IB Language A: English Literature SL 1
This course satisfies Parts 1 and 4 of the English A Literature IB curriculum and works to prepare students for success in the correlating assessments. In the fall, students study three works and demonstrate their knowledge and understanding of them through a variety of tasks: small oral presentations, commentary and analytic writing, in-class writing assignments and Socratic Seminars. The fall culminates in the internally evaluated IB assessment: the Individual Oral Presentation, a 15-20 minute presentation on a unique topic of each student’s choosing. In the spring students study three works of literature, which were originally written in a language other than English. The focus of the unit is to explore the ways in which cultural and contextual considerations shape the literature’s meaning. Having worked on their analytic writing throughout the year, the course culminates in the externally evaluated IB assessment, the Works in Translation Paper: a 1200-1500 critical essay exploring one aspect of one of the texts studied that spring. IB English students are expected to be fluent in English, already possessing a solid foundation of analytic reading, writing and speaking skills.
IB Language A: English Literature SL 2
This course satisfies Parts 2 and 3 of the English A Literature IB curriculum. In so doing, it continues to develop students’ ability to read, analyze and respond to a variety of texts through class discussions, oral presentations and expository writing. As the first year of the course focuses on prose, the second year works include poetry in the fall and drama in the spring. In the first semester, students focus on improving their oral articulation of complex ideas in order to prepare for the Oral Commentary, a 15-minute discussion of a poem studied in the class. In the second semester, students continue developing the skills of close reading and analysis through further honing the craft of commentaries, in preparation for the IB exams: two papers, each written in a 90-minute exam period. The first is a commentary responding to a previously unseen text, in which students may choose between poetry or prose; the second is an essay responding to a question about the genre of the works they have studied in the spring, or literature in general. Throughout the year students are assessed on their participation in class discussions, as well as their written work in tests, quizzes and frequent essays.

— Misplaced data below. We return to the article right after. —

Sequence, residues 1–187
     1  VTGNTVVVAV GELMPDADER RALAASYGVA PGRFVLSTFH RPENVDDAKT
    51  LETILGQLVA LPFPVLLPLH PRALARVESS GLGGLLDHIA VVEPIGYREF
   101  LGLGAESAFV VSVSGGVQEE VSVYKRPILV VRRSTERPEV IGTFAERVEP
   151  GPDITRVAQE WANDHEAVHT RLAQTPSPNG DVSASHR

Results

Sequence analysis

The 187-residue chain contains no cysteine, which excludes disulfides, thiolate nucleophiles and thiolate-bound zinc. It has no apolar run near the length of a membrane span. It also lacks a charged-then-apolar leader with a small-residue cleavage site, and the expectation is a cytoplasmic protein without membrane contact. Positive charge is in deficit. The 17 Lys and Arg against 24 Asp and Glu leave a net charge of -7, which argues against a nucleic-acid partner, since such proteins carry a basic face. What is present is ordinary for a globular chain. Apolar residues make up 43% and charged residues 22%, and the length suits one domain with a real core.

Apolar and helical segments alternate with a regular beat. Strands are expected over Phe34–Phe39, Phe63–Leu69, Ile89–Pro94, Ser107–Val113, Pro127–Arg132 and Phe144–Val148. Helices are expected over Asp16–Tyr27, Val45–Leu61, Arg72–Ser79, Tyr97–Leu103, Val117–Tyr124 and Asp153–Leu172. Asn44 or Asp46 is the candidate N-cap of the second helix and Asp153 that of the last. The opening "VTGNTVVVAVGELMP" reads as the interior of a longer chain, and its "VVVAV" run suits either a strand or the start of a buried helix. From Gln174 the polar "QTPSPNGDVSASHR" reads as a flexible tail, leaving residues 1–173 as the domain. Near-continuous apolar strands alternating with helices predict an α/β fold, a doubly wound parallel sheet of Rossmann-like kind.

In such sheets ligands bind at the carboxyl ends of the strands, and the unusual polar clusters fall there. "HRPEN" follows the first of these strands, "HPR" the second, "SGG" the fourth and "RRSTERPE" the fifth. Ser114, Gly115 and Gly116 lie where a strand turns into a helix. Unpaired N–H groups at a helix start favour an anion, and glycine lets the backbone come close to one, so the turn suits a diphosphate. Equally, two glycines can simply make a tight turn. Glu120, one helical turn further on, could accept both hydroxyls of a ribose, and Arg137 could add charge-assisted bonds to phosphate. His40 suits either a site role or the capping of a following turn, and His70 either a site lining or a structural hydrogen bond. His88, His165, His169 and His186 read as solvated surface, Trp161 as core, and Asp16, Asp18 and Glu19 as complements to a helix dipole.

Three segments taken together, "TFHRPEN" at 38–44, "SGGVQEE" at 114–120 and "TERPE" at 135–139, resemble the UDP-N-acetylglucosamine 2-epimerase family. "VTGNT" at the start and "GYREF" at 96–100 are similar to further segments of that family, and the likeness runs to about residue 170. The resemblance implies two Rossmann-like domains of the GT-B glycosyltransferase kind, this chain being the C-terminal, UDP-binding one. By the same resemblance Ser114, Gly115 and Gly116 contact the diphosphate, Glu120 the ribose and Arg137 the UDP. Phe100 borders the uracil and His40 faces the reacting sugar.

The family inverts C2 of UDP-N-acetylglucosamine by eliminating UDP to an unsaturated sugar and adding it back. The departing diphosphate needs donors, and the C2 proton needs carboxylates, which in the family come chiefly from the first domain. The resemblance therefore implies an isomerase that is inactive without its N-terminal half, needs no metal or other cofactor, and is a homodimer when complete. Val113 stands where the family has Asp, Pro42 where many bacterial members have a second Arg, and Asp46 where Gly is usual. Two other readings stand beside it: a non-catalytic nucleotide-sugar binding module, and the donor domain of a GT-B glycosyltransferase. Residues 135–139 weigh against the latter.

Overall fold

IB Language A: English Literature HL 2
As with its standard level equivalent, this course satisfies Parts 2 and 3 of the English A Literature IB curriculum and works to prepare students for success in the correlating assessments, the Individual Oral Commentary and the two written exams, which culminate the IB program. At the higher level, students are expected to perform at an increasingly sophisticated level in their reading, writing, and speaking/listening. The course seeks to polish these skills such that students produce commentaries, both oral and written, that are highly astute and detailed in their observations, systematic in their analysis, informed in their use of literary terms appropriate to the genre, as well as clear and precise in their language. Students are assessed based on their formal written work, class participation, in-class presentations and tests.
English Language and Composition
Intended for upperclassmen students who are not in IB English classes, this course focuses on the structure of language rather than literature analysis and on writing personal essays. More details available on request.